Metroid Prme 3: Corruption

Metroid Prme 3: Cor­rup­tionrat­ed a 90 at Meta­crit­ic.

As for Metroid Prme 3: Cor­rup­tion, I am not real­ly a fan of — nor par­tic­u­lar­ly good at — first per­son shoot­er games2. But I mean wow. This game is so much fun due to its per­fect bal­ance of shoot­ing action, explo­ration, and puz­zle solv­ing. It isn’t par­tic­u­lar­ly dif­fi­cult to explore and com­plete most of the tasks but I can imag­ine that to be tru­ly fast and effi­cient this game would require a lot more skill than I have. Effi­cien­cy is some­thing that the Metroid series has tra­di­tion­al­ly reward­ed and I sus­pect that MP3 has that aspect in it. Also, this game real­ly cap­tures a lot of the explo­ration and back-track ele­ments of the old-school Metroid games. In spite of the less­er horse­pow­er in the diminu­tive Wii when com­pared to oth­er 5th gen­er­a­tion con­soles and PCs, this game has beau­ti­ful visu­als and amaz­ing detail. I believe that this rep­re­sents the great­est first-per­son shoot­er ever cre­at­ed.


Super Mario Galaxy

Super Mario Galaxy – rat­ed a 97 at Meta­crit­ic.

The delayed Super Mario Galaxy was prob­a­bly one of the most antic­i­pat­ed Wii games since the con­sole’s release over a year ago. Hav­ing not had much desire to play many of the 3D Mario games, I found myself pleas­ant­ly sur­prised by this game. The con­trols and cam­era angles make play­ing the game very nat­ur­al. Galaxy has some of the same nods to Mario games of the past that Super Paper Mario does, and even much of it’s humor (though with a few less cracks in the fourth wall).

These games rep­re­sent the quin­tes­sen­tial set on the Wii with respect to Nin­ten­do’s her­itage. Of course, you still have to con­sid­er Wii Sports as an impor­tant Wii game for its demon­stra­tion of the con­trol mech­a­nisms. How­ev­er, the three games above, rep­re­sent Nin­ten­do’s advanced sto­ry-telling in com­bi­na­tion with the inno­v­a­tive con­trols, as well as pay­ing trib­ute to the char­ac­ters that put Nin­ten­do on the map.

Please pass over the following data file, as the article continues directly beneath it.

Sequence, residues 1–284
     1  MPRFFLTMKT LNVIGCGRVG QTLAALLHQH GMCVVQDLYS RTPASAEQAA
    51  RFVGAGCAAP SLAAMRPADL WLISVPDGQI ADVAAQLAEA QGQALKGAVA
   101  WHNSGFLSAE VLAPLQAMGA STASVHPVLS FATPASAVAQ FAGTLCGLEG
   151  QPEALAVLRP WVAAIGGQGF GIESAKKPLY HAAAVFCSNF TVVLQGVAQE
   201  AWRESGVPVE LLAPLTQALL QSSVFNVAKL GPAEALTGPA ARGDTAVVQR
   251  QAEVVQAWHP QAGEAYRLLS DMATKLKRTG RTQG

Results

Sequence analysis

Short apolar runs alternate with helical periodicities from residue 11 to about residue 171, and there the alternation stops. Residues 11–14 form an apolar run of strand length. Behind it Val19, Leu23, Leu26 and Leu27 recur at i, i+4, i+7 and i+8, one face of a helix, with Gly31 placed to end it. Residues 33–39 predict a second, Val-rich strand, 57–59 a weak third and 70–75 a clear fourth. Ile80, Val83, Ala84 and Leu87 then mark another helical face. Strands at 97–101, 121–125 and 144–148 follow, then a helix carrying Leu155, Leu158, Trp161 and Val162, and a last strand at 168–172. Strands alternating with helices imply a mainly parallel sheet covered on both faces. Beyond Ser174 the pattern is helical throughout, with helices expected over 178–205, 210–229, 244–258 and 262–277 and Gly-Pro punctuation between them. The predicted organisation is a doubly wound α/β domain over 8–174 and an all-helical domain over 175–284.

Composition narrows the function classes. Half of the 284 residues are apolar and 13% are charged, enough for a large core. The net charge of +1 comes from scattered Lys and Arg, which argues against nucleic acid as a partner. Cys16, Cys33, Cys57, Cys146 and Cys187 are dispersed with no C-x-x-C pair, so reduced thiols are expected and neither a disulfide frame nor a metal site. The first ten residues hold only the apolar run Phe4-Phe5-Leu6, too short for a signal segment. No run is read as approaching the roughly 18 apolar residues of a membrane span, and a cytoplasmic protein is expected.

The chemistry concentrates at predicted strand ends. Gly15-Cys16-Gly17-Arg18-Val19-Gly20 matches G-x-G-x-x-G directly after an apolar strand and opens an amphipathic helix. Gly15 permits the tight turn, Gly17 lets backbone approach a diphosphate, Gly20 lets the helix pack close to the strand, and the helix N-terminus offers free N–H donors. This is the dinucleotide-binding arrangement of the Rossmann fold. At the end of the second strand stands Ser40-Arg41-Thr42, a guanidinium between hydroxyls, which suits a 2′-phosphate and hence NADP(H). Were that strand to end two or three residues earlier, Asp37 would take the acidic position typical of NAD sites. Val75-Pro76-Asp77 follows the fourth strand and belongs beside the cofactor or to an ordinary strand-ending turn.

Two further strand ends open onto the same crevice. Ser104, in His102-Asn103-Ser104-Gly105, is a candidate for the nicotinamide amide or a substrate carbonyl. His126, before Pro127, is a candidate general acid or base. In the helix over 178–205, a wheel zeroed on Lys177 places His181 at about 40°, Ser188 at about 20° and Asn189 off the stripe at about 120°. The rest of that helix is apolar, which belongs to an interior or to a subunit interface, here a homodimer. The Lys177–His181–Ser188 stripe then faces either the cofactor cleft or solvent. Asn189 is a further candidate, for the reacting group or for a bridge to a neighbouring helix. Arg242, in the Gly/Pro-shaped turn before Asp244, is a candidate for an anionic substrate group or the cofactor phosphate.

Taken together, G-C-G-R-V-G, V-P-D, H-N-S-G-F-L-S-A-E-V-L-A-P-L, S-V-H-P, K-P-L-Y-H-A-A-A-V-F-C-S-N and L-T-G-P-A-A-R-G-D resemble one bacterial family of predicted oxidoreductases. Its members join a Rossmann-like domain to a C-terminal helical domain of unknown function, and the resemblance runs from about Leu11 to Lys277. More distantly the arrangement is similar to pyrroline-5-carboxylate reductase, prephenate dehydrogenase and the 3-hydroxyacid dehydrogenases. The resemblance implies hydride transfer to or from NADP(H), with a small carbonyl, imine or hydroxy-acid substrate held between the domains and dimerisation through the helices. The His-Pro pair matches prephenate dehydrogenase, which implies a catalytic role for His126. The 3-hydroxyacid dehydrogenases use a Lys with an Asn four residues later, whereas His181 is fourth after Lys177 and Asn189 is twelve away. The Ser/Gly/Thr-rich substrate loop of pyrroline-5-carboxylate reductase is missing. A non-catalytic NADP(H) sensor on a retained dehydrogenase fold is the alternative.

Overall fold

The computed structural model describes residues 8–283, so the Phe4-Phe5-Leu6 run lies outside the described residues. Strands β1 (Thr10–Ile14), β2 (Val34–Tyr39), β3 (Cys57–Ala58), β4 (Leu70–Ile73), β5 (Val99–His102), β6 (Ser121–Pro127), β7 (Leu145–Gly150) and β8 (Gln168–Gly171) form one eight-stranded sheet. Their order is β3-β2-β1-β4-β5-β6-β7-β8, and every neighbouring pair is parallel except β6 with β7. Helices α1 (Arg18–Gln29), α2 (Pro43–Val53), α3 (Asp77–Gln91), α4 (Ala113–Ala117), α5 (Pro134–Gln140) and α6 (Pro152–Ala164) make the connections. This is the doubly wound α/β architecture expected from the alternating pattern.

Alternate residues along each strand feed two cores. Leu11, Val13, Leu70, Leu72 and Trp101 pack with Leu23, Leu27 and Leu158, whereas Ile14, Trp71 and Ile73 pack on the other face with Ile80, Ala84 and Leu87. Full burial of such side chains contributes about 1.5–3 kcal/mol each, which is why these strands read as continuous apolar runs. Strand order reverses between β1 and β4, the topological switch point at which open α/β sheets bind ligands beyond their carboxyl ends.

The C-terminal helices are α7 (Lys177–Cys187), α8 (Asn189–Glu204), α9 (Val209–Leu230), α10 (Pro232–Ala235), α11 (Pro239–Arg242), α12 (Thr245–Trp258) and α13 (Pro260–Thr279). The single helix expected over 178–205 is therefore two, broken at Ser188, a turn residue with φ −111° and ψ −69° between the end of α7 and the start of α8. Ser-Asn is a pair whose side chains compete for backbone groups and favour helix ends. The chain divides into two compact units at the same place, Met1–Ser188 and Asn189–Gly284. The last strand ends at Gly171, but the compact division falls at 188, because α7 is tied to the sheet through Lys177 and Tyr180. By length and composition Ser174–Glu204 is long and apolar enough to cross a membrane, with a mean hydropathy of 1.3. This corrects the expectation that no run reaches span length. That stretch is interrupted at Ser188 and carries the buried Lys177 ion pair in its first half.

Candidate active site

1. I had con­sid­ered writ­ing this arti­cle months ago, includ­ing Super Paper Mario as part of the big N Wii trin­i­ty; a game that I’ve come with­ing about ten min­utes of beat­ing (pathet­ic, huh?). How­ev­er, SPM is kind of a platform/rpg hybrid and was seen as being out­side of the true Mario lega­cy. That being said, it is an amaz­ing game and loads of fun. Also, it could be argued that the Metroid Prime series of games aren’t real­ly full-on Metroid games, either. Me, I’m just inter­est­ed in some real­ly great games, so I’ll not be too picky. []
  2. Although, I must admit that Bioshock and Por­tal look great and Halo 3 almost makes me con­sid­er buy­ing a 360 – (but not real­ly). I still can’t think of any rea­son oth­er than “cheap Blu-Ray play­er” to want a PS3 []

A New Direction For My Career

Bentley

As a result of our mov­ing, I have tak­en a posi­tion of Senior Tech­ni­cal Writer with Bent­ley Sys­tems, Inc. Specif­i­cal­ly, I’ll be work­ing with soft­ware in the struc­tures group. In the past three years, Bent­ley has acquired sev­er­al big names in struc­tur­al engi­neer­ing soft­ware: REI (STAAD), RAM Inter­na­tion­al, and more recent­ly TDV GmbH (RM). I think that a num­ber of engi­neers were sur­prised to see this move by Bent­ley (at least I was), par­tic­u­lar­ly giv­en the per­cep­tion that STAAD and RAM were major com­peti­tors. How­ev­er, as I’ve learned a bit more about the com­pa­ny and what the direc­tion of the struc­tures group appears to be in, it has become clear that they have in place a remark­able suite of struc­tur­al appli­ca­tions. What’s more, they are posi­tion them­selves to pro­vide soft­ware for vir­tu­al­ly any struc­ture type or size. Along the way of pol­ish­ing the ele­ments to build this tool­box, they are inte­grat­ing all of them so they are bet­ter equipped to work in the future world of Build­ing Infor­ma­tion Mod­el­ing, which is the new hot­ness in the con­struc­tion and engi­neer­ing world.